Most adults want to age in place; that is, grow older without the need to move from their home or community. As driving becomes a challenge, though, seniors can feel dependent upon others, or isolated and cut off from their friends or public services. Communities that have strong public transit systems and walkable amenities are increasingly attractive to seniors for the independence they instill. These places — like Washington D.C.’s Dupont Circle, shown above — are also associated with high housing costs, however, illuminating the pressing need in the U.S. for more transit, and more connected communities, as the Boomer generation ages.
[By Paul Goddin for Mobility Lab, published on April 29, 2014]
We have been taught to hate sprawl in America, yet, in the past 10 years, our country has become, on average, slightly more sprawling than in the decade prior.
That was one finding of Smart Growth America’s Measuring Sprawl 2014 report, released earlier this month. The study, conducted by University of Utah city planning professor Reid Ewing and graduate research assistant Shima Hamidi, found that with patterns of development varying widely in the U.S., the cities that favor “smart growth” principles fare better on several social and economic measurements than do those built in a way typified by the term “sprawl.”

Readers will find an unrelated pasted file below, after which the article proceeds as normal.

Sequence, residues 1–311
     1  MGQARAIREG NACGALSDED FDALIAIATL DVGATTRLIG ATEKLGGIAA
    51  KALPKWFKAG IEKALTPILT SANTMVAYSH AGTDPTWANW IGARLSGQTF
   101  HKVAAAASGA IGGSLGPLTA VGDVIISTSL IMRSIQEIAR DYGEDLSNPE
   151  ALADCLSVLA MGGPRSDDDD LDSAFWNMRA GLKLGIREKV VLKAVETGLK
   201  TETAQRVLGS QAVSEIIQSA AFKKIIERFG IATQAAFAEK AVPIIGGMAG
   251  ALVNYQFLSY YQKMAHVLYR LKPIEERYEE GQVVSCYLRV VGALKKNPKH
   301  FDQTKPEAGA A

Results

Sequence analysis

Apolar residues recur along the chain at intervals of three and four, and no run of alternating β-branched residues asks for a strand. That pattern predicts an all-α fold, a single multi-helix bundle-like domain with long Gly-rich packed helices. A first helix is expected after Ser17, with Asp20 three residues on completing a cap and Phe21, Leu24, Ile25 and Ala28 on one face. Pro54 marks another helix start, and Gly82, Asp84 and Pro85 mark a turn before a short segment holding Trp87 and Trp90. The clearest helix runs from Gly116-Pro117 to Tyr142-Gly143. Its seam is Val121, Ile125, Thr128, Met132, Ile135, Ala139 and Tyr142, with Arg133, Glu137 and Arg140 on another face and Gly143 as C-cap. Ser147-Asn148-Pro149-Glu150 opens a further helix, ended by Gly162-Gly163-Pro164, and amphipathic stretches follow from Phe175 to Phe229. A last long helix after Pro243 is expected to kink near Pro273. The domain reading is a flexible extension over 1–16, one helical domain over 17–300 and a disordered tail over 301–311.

[By Paul Goddin for Mobility Lab, published on April 15, 2014]
May 7 is Walk and Bike to School Day 2014 in Arlington, Virginia (and Bike to School Day nationally), but once a year isn’t the only time students can participate in these activities.
Safe Routes to School (SRTS) is a national program designed to encourage walking and biking to school on a more regular basis, by providing public schools with grants for public-improvement projects, and by guiding the creation of “walking school buses” and “bike trains,” activities designed to encourage students in active forms of transportation.
Here are seven reasons you should consider letting your child bike or walk to school regularly.
[By Paul Goddin for Mobility Lab, published on June 11, 2013]
Mobility Lab’s Director Tom Fairchild served as a guest judge in Kaiser Permanente’s recent Code-a-Thon, a competition in which software developers from across the country traveled to the company’s state-of-the-art Center for Total Health in Washington D.C.
The developers worked on different apps envisioned under Kaiser Permanente’s just-launched application programming interface (API) program called Interchange℠. The apps were focused on connecting healthcare with lifestyle choices. Fairchild talked to the participants about Mobility Lab’s ongoing research on the correlation between transportation-related lifestyle choices and better health.
Half of the code-a-thon participants focused on using open location-based data to allow for mapping one’s health by finding, for example, the closest farmer’s market or nearby restaurants with heart-healthy menu options.